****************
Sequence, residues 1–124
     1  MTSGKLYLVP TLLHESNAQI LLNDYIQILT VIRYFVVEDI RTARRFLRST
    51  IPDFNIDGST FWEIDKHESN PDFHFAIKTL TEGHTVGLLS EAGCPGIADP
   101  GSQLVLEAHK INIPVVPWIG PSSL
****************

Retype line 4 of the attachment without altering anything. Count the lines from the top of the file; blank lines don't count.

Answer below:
   101  GSQLVLEAHK INIPVVPWIG PSSL